The LRC has The Husband’s Secret in both print book and audio book format.


From The Booklist (Feb 2015), by Joy Matteson: Spunky Madeline, shy Jane, and sensitive Celeste are mothers of kindergartners who become fast friends. Jane and Celeste harbor devastating secrets that threaten to spill over into the nastiest one of all-a murder at the elementary school costume party. Moriarty threads her carefully paced story with clues scattered throughout to create riveting suspense. Narrator Lee effortlessly uses her sparkling Aussie accent to breathe life into the tense dialogue, persuading her listeners into trusting that harrowing social issues can be told with the gentlest of ease, even with a bit of comedy. She deftly handles terrifying traumatic scenes, including domestic abuse and kindergarten bullying, with sensitive undertones. All of the women have their distinct voices, using a sparkly motherly tone for Madeline, a reserved tone for Jane, and a somewhat haughty tone for Celeste. In the hands of another narrator, the cadence could come off as falsely reassuring, especially in the male voices of the women’s husbands. But Lee’s gorgeous accent, imprinted with genuine emotion, makes this audiobook sing. Already an Audiofile Award winner, this is especially recommended for listeners who adore a good Australian accent-the way Lee pronounces her o’s are a sheer delight!

The LRC has Big Little Lies in both print book and audio book format.

What Alice Forgot

From Publishers Weekly: This winning not-quite amnesia story parses what happens when Alice, a married mother of three whose marriage is disintegrating, takes a knock on the head and comes to thinking she is herself, but 10 years younger and in the middle of a blossoming young marriage, with her first child on the way. As younger Alice adjusts to her older life and body, she finds much to be surprised at: a wealthy lifestyle she never dreamed of, a rejuvenated mother with a surprising love interest, and a sister whose life has turned out unexpectedly disappointing. And everyone is so sorry for something that happened with her best friend Gina, whom she doesn’t remember, but apparently who helped sow the seeds of her marriage’s collapse. But as the young Alice takes over the older Alice’s life and applies her goofy, laissez-faire approach to living, the tension builds: what will happen if old Alice regains her memory? Alice’s journey of reconciling herself to how her life came to be what it is, and her slowly building understanding of how the threads of her marriage began to unravel, is moving, well-paced, and thoroughly pleasurable.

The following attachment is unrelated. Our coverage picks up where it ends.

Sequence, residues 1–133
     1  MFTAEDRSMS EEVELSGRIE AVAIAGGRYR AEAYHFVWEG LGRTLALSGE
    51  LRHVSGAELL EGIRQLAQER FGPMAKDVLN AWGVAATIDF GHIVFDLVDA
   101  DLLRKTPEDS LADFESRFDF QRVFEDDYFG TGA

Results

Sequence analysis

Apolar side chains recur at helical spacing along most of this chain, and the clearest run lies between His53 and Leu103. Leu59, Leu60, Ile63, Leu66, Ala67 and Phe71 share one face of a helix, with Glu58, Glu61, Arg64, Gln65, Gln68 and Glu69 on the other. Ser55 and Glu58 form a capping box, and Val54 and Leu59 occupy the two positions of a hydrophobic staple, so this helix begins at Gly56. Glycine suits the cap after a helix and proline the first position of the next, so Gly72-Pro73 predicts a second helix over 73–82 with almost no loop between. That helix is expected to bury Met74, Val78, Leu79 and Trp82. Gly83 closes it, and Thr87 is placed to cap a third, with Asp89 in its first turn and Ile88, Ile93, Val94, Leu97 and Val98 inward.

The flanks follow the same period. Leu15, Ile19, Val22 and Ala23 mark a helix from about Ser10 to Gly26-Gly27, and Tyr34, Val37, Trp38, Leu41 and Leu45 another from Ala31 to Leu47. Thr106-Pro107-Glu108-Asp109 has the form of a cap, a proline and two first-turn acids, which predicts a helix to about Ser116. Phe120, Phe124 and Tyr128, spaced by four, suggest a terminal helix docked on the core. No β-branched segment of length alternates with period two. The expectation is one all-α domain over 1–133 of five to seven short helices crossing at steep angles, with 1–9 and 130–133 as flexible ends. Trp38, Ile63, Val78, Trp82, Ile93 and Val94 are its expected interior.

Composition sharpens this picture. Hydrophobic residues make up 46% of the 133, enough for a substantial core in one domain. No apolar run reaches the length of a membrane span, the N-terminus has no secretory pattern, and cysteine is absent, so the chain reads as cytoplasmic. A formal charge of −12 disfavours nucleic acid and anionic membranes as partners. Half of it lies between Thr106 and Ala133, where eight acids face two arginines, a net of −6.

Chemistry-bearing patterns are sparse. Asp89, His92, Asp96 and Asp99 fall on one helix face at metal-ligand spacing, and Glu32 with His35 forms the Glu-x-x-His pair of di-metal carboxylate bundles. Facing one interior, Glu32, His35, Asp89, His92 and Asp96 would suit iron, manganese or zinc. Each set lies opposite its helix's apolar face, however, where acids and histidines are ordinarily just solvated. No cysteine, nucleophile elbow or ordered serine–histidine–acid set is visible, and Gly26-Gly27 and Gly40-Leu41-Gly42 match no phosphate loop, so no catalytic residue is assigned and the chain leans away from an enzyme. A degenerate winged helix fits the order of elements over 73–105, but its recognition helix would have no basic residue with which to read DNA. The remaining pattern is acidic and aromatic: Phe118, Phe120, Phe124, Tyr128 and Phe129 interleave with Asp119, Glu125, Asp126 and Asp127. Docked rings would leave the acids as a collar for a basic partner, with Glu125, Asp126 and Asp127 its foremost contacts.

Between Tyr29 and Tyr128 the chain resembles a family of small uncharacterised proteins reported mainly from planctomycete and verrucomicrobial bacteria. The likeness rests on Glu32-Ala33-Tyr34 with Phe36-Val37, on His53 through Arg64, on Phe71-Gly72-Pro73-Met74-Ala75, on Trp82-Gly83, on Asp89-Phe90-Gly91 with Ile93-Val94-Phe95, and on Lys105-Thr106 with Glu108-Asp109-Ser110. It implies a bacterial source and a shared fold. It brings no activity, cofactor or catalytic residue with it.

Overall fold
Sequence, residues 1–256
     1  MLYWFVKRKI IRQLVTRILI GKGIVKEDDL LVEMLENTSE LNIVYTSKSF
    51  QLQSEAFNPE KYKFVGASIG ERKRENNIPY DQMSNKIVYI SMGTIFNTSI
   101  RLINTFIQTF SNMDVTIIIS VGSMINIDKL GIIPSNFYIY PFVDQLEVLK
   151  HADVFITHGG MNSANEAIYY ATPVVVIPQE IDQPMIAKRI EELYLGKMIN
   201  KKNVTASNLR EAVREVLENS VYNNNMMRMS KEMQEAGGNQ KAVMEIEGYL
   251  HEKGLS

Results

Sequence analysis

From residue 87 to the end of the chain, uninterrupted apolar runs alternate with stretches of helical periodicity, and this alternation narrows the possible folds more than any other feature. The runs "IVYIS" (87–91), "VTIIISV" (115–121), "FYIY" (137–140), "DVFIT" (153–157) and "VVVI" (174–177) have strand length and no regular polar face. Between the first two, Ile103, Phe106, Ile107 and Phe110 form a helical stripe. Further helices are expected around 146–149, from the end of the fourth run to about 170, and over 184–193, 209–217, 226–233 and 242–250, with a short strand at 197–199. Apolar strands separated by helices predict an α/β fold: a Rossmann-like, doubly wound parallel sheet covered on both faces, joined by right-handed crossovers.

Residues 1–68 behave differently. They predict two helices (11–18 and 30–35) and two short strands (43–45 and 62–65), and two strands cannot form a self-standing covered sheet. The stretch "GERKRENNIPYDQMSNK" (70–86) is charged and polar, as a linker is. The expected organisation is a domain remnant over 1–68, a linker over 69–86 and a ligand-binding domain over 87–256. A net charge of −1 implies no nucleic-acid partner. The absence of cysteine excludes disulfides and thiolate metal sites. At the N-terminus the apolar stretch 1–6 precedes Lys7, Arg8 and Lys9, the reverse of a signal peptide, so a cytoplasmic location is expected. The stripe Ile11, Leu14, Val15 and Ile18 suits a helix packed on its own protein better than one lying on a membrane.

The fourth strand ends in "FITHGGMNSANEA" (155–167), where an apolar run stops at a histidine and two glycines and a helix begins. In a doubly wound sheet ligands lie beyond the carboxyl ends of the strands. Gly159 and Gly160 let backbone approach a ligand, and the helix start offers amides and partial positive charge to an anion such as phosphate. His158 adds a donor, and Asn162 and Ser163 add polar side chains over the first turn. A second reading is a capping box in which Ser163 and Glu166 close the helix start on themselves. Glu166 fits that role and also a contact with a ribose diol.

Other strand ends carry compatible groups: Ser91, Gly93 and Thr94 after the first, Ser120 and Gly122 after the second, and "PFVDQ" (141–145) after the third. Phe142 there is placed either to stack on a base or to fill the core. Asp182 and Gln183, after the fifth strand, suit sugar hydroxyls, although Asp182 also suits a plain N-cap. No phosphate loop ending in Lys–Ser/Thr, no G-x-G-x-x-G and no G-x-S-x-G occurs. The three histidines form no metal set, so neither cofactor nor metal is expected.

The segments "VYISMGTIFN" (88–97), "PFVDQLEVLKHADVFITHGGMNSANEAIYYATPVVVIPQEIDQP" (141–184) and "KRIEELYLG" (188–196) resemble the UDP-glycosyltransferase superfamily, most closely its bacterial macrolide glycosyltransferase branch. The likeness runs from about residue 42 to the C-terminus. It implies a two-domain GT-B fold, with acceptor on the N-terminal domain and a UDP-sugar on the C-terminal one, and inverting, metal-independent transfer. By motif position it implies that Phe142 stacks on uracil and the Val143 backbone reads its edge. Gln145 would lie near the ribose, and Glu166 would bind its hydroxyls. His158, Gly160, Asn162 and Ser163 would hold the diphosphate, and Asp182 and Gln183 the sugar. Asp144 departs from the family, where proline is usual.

The LRC has What Alice Forgot in audio book format.

Happy Reading!

Mother’s Day

The American, time-traditioned celebration of all Mothers is upon us- Sunday, May 8, 2016 is the official day to honor our beloved Mothers!


So for a little background information on Mother’s Day…

From Mother’s Day is a holiday honoring motherhood that is observed in different forms throughout the world. The American incarnation of Mother’s Day was created by Anna Jarvis in 1908 and became an official U.S. holiday in 1914. Jarvis would later denounce the holiday’s commercialization and spent the latter part of her life trying to remove it from the calendar. While dates and celebrations vary, Mother’s Day most commonly falls on the second Sunday in May and traditionally involves presenting mothers with flowers, cards and other gifts.